Movie review: Furious 7 and the rise of the action-movie machines | Arts

Movie review: Furious 7 and the rise of the action-movie machines

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Furious 7
★★ ½
Opening Friday


There's a cringeworthy moment in Furious 7 when it appears that Paul Walker's final scene in the star-making action series will be of him trying to revive a car crash victim. (Walker, who played Brian O’Connor in The Fast and the Furious and its many sequels, died in a single-car accident in November 2013.)

Thankfully, the filmmakers spare us that insensitivity with the ensuing, rather poignant tribute to the late actor. Instead, the sight of Brian and family frolicking on a beach segues into a God’s eye view of two cars traveling side-by-side down a highway, going separate ways when they reach a fork in the road.

Beyond any intended metaphor, the shot encapsulates a film that makes the mechanization of the action genre literal. Yes, there are human actors populating the movie, some of them charmingly droll (Dwayne Johnson, Tyrese Gibson and, blessedly, Kurt Russell) and some of them automatons—Vin Diesel and villain du jour Jason Statham.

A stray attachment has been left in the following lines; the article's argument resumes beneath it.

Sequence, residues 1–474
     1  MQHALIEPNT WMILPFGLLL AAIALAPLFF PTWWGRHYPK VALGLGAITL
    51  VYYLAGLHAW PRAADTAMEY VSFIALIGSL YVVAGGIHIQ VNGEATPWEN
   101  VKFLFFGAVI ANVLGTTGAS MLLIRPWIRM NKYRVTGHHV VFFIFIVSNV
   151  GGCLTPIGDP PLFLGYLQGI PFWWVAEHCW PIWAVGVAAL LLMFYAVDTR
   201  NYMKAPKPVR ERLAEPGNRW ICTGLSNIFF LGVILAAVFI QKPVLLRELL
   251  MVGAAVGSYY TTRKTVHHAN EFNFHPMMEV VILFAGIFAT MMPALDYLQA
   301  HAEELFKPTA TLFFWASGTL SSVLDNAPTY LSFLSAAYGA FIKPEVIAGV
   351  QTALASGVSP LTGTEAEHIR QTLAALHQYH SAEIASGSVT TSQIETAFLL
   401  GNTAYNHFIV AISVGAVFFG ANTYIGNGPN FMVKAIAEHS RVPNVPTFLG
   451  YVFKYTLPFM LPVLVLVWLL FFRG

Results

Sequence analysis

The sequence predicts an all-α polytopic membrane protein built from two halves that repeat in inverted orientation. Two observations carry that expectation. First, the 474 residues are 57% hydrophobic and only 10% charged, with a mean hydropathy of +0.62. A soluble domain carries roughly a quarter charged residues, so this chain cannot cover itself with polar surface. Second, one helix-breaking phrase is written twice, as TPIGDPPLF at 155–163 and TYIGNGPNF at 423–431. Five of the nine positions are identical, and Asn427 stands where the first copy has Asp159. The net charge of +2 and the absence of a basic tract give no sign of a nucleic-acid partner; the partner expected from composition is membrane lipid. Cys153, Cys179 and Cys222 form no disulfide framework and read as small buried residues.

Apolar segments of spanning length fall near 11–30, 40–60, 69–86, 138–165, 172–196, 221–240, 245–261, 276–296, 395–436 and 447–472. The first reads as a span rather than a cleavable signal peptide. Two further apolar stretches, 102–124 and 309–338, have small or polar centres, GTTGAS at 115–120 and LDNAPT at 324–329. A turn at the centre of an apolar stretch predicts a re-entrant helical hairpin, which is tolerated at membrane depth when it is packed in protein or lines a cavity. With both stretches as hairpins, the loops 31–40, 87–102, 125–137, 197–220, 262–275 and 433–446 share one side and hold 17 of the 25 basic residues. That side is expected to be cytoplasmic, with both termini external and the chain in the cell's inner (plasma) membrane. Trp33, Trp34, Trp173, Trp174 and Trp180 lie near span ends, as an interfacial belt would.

But the actors are mostly just along for the ride, supplanted by an endless line of muscle cars and hot rods. Autos parachute from airplanes, leap between Abu Dhabi skyscrapers and hurl themselves off the edges of cliffs. It’s a film where everybody should die, but nobody does … except the machines.

For the wisp of a plot, Deckard Shaw (Statham), a rogue British special forces assassin, aims to exact revenge on Dominic Toretto (Diesel), Brian and the rest of the fast and furious crew for offing Deckard’s little brother Owen in the last movie. Tony Jaa and Ronda Rousey stop by to flex their martial arts skills, but their emoting is as robotic as the (digitized) unmanned drone that director James Wan trots out in the last act. Or just Djimon Hounsou, who shows up with even less purpose.

Furious 7 is like a feature-length rap video—lingering misogyny included—interspersed with a cacophony of roaring engines and unlimited gear shifts. Yet being so of-the-moment and escapist, it also entertains. At this point we’re in on the inanity, so a wink and a nod absolves almost any outlandishness. As long as they find bigger and louder ways to crash objects into each other, we’ll gladly fork over the cover charge.


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